Analyzing the Different Types of Headaches and How to Treat Them
Everyone suffers from a headache every once in a while. Some headaches are more painful than others, and their duration also differs. The reason is that headaches are not the same. While they all cause pain and discomfort, different headaches have differing names, causes, and treatment methods.
What Is a Headache?
It is a painful sensation in your head and face that is sometimes accompanied by other symptoms. Typically, headaches can be described as sharp, dull, throbbing, or persistent pain that changes intensity. Given as headaches are the most common types of pain in the human body, it is no surprise that you will find yourself complaining of a sharp pain in the head that comes and goes every once in a while. In adults, headaches are more common than in children.
What Are the Common Types of Headaches?
There are over a hundred types of headaches, depending on the causes. However, the various types can be grouped into either primary or secondary headaches. Primary headaches are the most common types, and they cannot be attributed to an underlying health problem. The types of primary headaches are:
- Cluster headache
- Tension headache
- Migraine headache
- New daily persistent headaches (NDPH)
Secondary headaches are the other types of headaches that mostly result due to an underlying health issue. For these headaches, you need to visit a 24-hour ER in Waxahachie to determine the underlying cause. Some types of secondary headaches include:
- Head injury and trauma
- Sinus congestion
- Hypertensive problems
- Overusing medication
- Brain-related problems – including brain injury or diseased blood vessels in your brain
- Drug misuse and abuse
- Hereditary migraines
What Causes Headaches?
Headaches usually result due to signals in your brain destabilizing the nerves and blood vessels thereof. Depending on the type of headache you have, the underlying cause will differ. For many secondary headaches, the trigger is usually another health problem. However, other triggers of headaches are:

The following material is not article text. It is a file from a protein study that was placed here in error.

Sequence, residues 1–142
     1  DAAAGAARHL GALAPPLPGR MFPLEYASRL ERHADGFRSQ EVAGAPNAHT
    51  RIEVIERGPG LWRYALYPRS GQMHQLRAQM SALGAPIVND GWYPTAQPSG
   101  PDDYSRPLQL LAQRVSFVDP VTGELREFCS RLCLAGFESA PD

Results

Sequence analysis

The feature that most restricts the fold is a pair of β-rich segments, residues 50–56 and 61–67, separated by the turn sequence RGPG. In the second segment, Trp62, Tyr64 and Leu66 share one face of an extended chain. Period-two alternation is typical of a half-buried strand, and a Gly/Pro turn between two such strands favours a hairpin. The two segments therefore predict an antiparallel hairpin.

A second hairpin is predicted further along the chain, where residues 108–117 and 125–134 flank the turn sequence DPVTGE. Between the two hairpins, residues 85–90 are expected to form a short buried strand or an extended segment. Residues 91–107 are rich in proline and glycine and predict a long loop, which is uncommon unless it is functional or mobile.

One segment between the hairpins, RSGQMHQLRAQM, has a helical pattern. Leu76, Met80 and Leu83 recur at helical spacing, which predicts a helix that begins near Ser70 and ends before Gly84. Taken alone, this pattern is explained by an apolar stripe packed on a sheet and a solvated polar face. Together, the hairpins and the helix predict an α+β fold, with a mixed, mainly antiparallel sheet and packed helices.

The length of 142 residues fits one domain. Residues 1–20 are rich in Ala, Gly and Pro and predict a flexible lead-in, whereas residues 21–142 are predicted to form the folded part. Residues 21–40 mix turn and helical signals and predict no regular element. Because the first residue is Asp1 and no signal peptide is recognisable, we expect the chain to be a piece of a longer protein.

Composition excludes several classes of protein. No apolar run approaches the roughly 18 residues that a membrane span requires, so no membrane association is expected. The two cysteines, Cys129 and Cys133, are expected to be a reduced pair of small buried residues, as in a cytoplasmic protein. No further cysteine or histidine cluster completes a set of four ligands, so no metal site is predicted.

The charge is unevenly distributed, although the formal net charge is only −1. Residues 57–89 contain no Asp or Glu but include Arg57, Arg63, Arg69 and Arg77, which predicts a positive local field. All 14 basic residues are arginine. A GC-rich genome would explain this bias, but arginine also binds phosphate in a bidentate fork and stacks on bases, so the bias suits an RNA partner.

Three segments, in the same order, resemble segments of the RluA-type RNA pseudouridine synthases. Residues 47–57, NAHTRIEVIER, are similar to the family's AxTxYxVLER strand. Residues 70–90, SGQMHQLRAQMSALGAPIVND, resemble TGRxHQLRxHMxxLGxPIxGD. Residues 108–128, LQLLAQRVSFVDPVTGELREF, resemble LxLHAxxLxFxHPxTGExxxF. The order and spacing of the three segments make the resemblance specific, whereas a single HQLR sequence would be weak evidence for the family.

- Concussions, trauma, and injuries
- High fever
- Dental pain – a toothache or jaw pain
- Alcohol usage
- Smoking – or secondary smoking
- Depression, stress, anxiety, and other mental disorders
- Neck, back, and eye pain – resulting from poor posture
- Poor lighting or excessive exposure to light
- Fatigue and lack of good quality and adequate sleep
How to Know You Have a Headache
Truthfully, you will not need anyone to tell you that your head is in pain. The only thing that you may not know is the type of headache you have. Some tips to help you determine what type of headache you have are:
- Tension headaches – you will experience consistent throbbing pain, usually on both sides of your head. This bilateral headache is the most common kind and responds well to over-the-counter pain relievers.
- Migraine headaches – are accompanied by symptoms like nausea, vomiting, sensitivity to light, and abdominal pains. The headache will feel like a throbbing or pounding pain that will last for at least 4 hours and may continue for several days.
- Cluster headaches – for primary headaches, these are the most severe kinds of headaches and need urgent care in the nearest emergency room to you. They feel like an intense, constant stabbing or burning pain in your eye region, usually behind one of your eyes.
- NDPH headaches – come suddenly on both sides of your head and last for up to three months without responding to over-the-counter medication.
- Secondary headaches – feel different, depending on the underlying cause, best diagnosed by a doctor in an ER nearby. You will need to consider the accompanying symptoms, including:
- Swelling in your face
- Bad taste in your mouth
- Decreased appetite
- Difficulty sleeping
- Neck, throat, and dental pain
When to Go to ER for a Headache
Any pain that limits or restricts your productivity and functionality should be treated by a medical professional. Usually, emergency rooms for headaches or migraines can handle all types of headaches. However, be especially keen when the affiliate symptoms of your headache are severe, including:
- Prolonged and excessive vomiting
- Loss of consciousness and seizures
- Speech difficulties and other communication deficits
- Loss of memory and general mental confusion
- Vision impairment – whether temporary or not